|peranakan houses near joo chiat street|
rempah udang are one of many kinds of nyonya kuih (snack). they are cylinders of glutinous rice stained orange from their filling and are wrapped in banana leaves and secured with toothpicks. the rempah filling constitutes a spice paste with protein in the form of fresh and dried shrimp and ikan bilis (dried anchovies).
nyonya is a honorific title used to refer to peranakan women. the pernakan were chinese settlers in the straits area. they married local non-muslim women and developed their own cuisine that is a cusp of chinese and malay flavours and techniques. they say that making rempah is an art as well as an essential skill for marriageable girls. as per tradition girl children learnt the art of cooking from an early age and it is said that nyonya’s can gauge a prospective daughter-in-laws rempah making skills merely by the sound of pounding.
i unwrap the lightly greasy banana leaf and bite into the cylinder. the coconut rice has a gentle sweetness and moistness. i can detect the citrusy fragrance of the lemongrass. it is unlike anything i have tasted before. there is texture from the two types of prawns, the unmistakable salty sharpness of anchovy and a soft heat from the chilli. i was sad to have left trying these to the last day and really wish i had eaten more peranakan food in singapore.
aside from its cuisine the peranakan pride themselves for their bright textiles, intricate beadwork, china and colourful houses with woodwork. there are plenty of these to be seen around geylang. i visited rumah bebe, a heritage home that gives insight into peranakan culture.
|peranakan lace textiles|
after rumah bebe, i retraced my steps to the geylang serai, one of many large wet markets in singapore. this one has been recently refurbished and is consequently much better organised than places like tekka market in little india. the design itself is quintessentially malay echoing old kampong houses. it incorporates wooden beams and latticework. the markets are busiest in the morning when the produce is fresh. geylang serai announces its strong muslim flavour through the attire of the women shoppers many of whom wear scarves. there are plenty of bright dried red chillies and ikan bilis along with fresh fruit, vegetables, meat and fish. i bought myself discs of gula melaka (coconut palm sugar) from one of the vendors. it is evident that the shopkeepers and shoppers have an established relationship and i am told that many have open accounts as a sign of trust and loyalty. it reminded me of the time when mama would shop in bazaari (our local market in pindi) and in rana market. up until the nineties we had an open account with our local shopkeeper. what this meant was that if we were short of money or picking up items in a hurry, the shopkeeper would note the purchase in his register and tally the payment at a later day. this tradition still persists in singapore despite the rise of supermarket and mall culture. i do wonder how long it will survive though given singapore’s journey into hyper-modernity.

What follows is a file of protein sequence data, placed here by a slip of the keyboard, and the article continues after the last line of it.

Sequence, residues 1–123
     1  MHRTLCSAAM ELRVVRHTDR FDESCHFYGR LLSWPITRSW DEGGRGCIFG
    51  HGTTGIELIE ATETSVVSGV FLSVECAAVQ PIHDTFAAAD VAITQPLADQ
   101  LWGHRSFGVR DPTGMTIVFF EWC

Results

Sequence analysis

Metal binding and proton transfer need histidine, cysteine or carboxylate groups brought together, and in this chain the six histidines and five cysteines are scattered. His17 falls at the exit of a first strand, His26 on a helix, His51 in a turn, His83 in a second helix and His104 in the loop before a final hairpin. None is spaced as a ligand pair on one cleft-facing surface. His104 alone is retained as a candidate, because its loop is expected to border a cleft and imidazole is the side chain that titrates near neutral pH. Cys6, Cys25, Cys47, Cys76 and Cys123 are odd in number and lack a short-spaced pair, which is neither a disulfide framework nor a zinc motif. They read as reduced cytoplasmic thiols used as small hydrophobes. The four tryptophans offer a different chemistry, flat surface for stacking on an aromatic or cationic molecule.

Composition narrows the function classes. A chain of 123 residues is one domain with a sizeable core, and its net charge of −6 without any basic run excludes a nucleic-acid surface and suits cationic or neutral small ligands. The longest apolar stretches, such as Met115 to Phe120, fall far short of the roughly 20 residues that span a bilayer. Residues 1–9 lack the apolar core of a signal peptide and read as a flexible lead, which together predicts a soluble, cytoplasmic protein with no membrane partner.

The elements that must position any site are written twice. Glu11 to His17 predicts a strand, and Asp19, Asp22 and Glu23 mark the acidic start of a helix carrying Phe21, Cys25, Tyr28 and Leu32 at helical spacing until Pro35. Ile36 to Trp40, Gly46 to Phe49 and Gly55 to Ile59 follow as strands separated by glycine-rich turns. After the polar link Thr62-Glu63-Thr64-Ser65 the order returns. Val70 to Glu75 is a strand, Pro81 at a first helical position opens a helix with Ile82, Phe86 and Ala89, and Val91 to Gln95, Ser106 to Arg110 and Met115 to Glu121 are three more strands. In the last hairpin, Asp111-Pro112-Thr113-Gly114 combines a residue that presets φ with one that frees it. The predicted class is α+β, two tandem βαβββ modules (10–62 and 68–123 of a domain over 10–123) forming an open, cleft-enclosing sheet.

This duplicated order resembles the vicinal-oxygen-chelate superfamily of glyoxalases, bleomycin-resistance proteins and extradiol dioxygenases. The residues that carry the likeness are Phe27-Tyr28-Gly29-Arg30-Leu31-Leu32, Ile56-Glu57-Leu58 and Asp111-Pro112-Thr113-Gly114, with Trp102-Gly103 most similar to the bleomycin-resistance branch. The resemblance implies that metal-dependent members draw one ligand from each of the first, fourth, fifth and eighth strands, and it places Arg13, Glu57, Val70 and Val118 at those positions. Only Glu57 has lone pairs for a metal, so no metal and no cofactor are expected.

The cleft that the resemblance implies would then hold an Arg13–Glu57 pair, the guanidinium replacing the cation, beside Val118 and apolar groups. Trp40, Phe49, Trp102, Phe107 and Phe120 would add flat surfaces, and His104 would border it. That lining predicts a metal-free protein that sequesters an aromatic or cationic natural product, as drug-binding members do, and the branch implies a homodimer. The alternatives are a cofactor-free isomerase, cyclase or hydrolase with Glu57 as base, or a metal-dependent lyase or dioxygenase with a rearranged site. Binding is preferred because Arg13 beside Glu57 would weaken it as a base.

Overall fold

|stalls at geylang serai|
|women shopping at geylang serai|
|shopkeeper at geylang serai|
|entrance to geylang serai|
as always, there is a brisk trade in the food centre and various makkan places. i pass a number of bakeries stacked with curry puffs. these popular malay snacks are a kin to savoury patties in pakistan. flaky fried pastry stuffed with fillings like mutton or spiced potato are taken with teh (pulled tea). the sweetness of the tea exaggerates the heat of the chilli. i make a brief stop at hjh maimunah restaurant. the queue extends outward from the door. a large sign announces that you should find yourself a seat before ordering, but the warning is too late as it is near the ordering area. i get a small portion of beef rendang to go. in singapore rendang is retailed by the piece so i get a large chunk of beef. a reduction of spiced gravy redolent with coconut clings to the surface of the meat.
geylang serai was my last outing in singapore as the next day i caught a flight back to london. i do wish i had spent more time exploring the area especially by night given that it is well known as singapore’s red light district. i also wish that the heat had not dulled my appetite so much. it was hard for me to muster the ability to eat nasi padang (spicy curries with coconut rice) and other rich dishes like laksa. i have always associated these with cooler temperatures and spent most of my trip eating dim sum, a smattering of sushi and soba and indian vegetables.